Racist speech on campus is unacceptable and should be addressed by administrators. But does it warrant expulsion? If it constitutes a "clear and present danger," it should. For example, consider a racist speaker who gins up a crowd of supporters on campus, and then spots a few persons of the opposite race. Next he urges the crowd to attack them, and they do. That is not protected speech: it is an incitement to riot.
 
This analogy is not even close to what happened in Oklahoma. To be sure, two freshmen were on a bus acting irresponsibly, but no one was even remotely threatened by their speech. To expel them for speech that is merely objectionable, but not threatening, is more than problematic—it calls into question the rank duplicity of college administrators that is  commonplace on campuses across the nation.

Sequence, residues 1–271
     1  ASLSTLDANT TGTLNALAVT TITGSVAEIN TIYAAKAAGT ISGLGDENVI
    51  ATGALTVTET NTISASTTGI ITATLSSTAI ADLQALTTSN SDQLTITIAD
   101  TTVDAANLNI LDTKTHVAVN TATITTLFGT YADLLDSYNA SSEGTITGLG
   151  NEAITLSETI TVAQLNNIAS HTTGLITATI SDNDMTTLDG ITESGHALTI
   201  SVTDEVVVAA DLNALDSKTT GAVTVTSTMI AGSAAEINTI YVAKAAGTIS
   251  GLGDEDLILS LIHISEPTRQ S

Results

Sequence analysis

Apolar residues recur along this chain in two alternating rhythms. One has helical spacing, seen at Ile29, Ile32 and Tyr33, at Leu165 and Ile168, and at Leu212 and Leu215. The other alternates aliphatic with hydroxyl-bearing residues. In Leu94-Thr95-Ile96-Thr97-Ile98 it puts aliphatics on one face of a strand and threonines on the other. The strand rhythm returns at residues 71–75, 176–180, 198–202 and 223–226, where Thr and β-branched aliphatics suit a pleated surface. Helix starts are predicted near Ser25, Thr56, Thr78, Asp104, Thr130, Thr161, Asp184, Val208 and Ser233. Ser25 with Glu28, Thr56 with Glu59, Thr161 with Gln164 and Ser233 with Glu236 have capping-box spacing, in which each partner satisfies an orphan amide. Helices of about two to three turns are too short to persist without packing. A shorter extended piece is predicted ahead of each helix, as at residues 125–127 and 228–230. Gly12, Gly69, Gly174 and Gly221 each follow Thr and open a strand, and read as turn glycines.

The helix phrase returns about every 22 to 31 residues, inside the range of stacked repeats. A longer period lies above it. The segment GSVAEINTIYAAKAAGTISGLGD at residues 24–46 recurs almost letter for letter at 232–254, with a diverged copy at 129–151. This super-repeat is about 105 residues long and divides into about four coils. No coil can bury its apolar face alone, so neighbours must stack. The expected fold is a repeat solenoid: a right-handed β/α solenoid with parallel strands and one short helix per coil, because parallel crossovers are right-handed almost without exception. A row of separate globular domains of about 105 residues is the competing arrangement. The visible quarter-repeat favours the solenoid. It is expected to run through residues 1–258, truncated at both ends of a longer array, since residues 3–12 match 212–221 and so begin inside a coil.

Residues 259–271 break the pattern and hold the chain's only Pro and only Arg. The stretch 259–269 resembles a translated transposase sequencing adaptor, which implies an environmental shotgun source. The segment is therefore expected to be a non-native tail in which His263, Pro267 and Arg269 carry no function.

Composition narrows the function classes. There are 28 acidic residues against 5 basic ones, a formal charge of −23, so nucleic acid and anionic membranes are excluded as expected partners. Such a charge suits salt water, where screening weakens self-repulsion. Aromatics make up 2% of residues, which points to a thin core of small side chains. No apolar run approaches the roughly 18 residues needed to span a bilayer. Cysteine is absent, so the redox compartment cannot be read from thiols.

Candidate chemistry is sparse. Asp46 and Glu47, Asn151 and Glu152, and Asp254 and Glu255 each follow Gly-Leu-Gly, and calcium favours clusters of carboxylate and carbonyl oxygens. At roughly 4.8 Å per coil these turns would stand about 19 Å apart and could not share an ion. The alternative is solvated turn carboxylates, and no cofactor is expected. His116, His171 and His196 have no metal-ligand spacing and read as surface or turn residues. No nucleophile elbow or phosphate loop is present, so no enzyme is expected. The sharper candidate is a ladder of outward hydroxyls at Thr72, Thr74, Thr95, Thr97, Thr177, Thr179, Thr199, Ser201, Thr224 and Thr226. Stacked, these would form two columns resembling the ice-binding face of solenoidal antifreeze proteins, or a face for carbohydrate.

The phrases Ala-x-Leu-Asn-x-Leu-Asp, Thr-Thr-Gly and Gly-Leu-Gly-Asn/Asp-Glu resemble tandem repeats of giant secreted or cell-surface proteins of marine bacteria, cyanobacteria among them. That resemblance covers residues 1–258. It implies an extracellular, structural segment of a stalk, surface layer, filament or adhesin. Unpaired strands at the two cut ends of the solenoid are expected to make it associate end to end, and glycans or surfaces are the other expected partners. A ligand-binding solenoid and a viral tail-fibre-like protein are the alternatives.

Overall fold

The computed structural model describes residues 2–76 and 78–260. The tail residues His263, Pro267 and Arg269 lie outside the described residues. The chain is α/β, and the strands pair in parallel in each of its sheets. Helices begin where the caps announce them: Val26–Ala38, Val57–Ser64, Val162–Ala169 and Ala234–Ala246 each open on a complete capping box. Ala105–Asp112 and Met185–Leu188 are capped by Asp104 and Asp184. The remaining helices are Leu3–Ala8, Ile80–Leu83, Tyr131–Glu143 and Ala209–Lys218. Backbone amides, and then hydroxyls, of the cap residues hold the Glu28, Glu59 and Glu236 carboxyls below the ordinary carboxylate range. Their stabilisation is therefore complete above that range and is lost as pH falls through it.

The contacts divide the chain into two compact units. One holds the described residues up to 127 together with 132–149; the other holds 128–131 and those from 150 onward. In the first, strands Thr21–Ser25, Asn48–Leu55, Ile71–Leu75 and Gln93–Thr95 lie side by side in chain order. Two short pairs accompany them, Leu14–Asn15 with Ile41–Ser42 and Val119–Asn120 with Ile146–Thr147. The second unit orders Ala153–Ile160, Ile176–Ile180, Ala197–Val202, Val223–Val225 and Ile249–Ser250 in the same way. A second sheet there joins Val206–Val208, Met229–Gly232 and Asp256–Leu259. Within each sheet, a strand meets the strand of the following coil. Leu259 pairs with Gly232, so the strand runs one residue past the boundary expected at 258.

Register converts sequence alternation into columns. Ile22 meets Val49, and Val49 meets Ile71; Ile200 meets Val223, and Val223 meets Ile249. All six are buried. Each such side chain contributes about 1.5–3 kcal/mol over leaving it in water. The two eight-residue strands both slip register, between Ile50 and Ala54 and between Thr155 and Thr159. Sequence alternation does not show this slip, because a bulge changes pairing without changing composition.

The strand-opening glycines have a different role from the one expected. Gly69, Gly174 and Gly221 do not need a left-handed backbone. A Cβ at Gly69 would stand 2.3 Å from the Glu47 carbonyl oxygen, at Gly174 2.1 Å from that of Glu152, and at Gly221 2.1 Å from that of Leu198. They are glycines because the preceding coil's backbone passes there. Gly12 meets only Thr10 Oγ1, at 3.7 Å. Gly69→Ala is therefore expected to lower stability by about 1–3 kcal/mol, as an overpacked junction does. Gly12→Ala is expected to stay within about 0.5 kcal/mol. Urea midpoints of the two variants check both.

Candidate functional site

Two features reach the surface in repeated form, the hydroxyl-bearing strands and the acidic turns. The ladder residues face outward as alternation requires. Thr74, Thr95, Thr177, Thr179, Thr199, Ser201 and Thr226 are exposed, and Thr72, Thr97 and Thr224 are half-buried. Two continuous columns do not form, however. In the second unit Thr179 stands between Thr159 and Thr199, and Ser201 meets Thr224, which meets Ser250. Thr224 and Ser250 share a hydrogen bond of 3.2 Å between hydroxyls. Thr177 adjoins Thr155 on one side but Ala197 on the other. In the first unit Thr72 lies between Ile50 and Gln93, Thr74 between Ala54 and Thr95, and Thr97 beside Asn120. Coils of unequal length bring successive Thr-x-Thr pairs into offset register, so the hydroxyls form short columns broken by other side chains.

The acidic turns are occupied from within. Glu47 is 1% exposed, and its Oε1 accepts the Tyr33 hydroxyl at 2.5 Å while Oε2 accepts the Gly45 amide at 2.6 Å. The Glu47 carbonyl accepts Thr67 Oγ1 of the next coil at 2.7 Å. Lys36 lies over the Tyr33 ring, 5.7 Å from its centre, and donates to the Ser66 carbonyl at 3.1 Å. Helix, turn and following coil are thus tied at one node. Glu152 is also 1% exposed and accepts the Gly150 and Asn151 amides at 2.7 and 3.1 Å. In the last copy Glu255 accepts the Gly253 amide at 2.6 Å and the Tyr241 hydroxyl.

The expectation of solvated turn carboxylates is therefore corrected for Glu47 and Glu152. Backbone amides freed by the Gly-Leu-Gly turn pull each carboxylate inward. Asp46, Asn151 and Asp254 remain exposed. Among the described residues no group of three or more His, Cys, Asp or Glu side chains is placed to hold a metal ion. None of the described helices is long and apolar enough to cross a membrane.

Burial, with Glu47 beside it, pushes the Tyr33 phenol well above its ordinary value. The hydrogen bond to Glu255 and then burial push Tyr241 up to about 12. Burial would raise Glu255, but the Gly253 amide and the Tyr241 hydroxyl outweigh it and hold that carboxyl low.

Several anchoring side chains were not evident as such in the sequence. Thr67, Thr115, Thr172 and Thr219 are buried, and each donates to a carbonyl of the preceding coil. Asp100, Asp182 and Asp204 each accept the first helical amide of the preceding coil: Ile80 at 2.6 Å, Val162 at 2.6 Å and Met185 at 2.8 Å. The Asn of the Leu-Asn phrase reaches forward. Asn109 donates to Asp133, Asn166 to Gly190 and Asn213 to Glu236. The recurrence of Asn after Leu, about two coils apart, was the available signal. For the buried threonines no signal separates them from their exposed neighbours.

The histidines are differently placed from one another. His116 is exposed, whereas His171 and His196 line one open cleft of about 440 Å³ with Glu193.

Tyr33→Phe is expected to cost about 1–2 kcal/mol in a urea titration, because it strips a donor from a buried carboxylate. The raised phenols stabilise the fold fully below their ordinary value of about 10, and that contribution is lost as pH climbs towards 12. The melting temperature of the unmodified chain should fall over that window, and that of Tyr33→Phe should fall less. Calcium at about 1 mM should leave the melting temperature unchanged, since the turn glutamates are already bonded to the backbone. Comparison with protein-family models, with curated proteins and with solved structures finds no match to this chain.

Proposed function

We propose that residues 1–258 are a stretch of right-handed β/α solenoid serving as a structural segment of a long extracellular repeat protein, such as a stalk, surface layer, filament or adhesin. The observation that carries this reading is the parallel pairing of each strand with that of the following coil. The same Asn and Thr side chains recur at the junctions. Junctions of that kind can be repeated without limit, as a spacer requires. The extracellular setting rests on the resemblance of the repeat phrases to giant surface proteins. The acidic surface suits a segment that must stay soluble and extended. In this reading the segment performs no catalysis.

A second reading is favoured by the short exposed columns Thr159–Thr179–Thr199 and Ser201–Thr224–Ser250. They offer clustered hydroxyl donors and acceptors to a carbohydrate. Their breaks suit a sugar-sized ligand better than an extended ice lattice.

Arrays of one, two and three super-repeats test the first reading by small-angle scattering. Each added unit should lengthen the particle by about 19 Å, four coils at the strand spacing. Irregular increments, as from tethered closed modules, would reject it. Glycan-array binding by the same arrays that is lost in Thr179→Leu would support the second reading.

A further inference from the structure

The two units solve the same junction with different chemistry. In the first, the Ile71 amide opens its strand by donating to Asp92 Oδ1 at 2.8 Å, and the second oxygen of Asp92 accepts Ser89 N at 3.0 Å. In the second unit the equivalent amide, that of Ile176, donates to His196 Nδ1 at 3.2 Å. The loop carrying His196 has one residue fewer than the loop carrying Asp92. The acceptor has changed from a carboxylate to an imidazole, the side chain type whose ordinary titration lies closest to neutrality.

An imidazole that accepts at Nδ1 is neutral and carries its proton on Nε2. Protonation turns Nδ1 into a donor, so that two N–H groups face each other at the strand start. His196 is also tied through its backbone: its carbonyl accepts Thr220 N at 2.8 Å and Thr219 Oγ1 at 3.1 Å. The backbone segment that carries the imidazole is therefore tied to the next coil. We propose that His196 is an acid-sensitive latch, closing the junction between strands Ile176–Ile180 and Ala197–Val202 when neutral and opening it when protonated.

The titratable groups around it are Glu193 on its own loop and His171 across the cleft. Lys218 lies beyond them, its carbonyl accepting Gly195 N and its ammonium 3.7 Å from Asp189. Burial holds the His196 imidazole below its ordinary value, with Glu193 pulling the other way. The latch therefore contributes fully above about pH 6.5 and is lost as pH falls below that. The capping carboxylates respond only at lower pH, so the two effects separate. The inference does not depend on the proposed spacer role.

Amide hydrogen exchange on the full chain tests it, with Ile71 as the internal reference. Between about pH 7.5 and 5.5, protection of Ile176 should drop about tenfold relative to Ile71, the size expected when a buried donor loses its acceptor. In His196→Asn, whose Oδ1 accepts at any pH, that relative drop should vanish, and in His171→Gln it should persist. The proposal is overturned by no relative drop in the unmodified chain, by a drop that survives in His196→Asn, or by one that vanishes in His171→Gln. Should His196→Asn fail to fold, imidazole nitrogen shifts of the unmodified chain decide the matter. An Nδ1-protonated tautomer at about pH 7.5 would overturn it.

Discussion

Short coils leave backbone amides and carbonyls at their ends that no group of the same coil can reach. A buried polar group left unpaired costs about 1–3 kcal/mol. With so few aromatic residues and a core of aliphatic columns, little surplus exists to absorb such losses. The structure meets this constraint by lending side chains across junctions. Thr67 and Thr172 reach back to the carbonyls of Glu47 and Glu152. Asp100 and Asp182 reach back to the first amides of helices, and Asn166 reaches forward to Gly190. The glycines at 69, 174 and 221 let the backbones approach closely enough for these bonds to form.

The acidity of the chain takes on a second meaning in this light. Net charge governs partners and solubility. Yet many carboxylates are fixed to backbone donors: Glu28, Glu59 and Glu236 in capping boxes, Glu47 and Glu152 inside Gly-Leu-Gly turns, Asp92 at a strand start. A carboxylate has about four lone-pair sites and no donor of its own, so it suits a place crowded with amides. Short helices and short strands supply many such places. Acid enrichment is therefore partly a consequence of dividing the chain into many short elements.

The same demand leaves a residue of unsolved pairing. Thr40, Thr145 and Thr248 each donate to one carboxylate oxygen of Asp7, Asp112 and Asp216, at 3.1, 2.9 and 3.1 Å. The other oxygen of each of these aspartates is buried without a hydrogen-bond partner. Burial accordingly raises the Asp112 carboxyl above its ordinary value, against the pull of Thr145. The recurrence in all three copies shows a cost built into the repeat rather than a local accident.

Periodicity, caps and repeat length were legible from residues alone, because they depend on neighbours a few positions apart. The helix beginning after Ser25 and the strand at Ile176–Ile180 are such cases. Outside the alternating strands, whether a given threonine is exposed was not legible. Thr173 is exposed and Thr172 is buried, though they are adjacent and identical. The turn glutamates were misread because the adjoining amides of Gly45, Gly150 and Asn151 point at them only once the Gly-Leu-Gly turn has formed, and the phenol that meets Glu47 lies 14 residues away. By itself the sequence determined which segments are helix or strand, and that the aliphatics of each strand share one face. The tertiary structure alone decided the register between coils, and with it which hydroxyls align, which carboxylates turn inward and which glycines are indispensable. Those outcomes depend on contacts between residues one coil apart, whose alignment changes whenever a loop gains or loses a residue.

Anti-Catholicism is tolerated on campuses in a way that is not true of other expressions of bigotry. If anyone has any doubts about this, let him go to the websites of civil rights groups that represent gays, blacks, Jews, and Muslims, and then compare the findings to those found on the website of the Catholic League (check the Education section in our Annual Reports). Patently anti-Catholic plays, artwork, comments by instructors, cartoons, editorials, etc. abound. From professors who intentionally desecrate the Eucharist to students whose idea of art is to craft a huge vagina—in a grotto-like shape (complete with human hair)—and then place a statue of Our Blessed Mother inside it—Catholics have had to endure more bigotry on campus than any other group.
 
In 1998, the anti-Catholic play "Corpus Christi" was performed in New York. I led a demonstration protesting it. Three years later when it was staged at a mid-western university, I again protested, but I also refused to join a lawsuit against the university.
 
In short, any discussion of bigoted speech on campus should begin by asking why anti-Catholicism is tolerated, but objectionable speech aimed at others is not.

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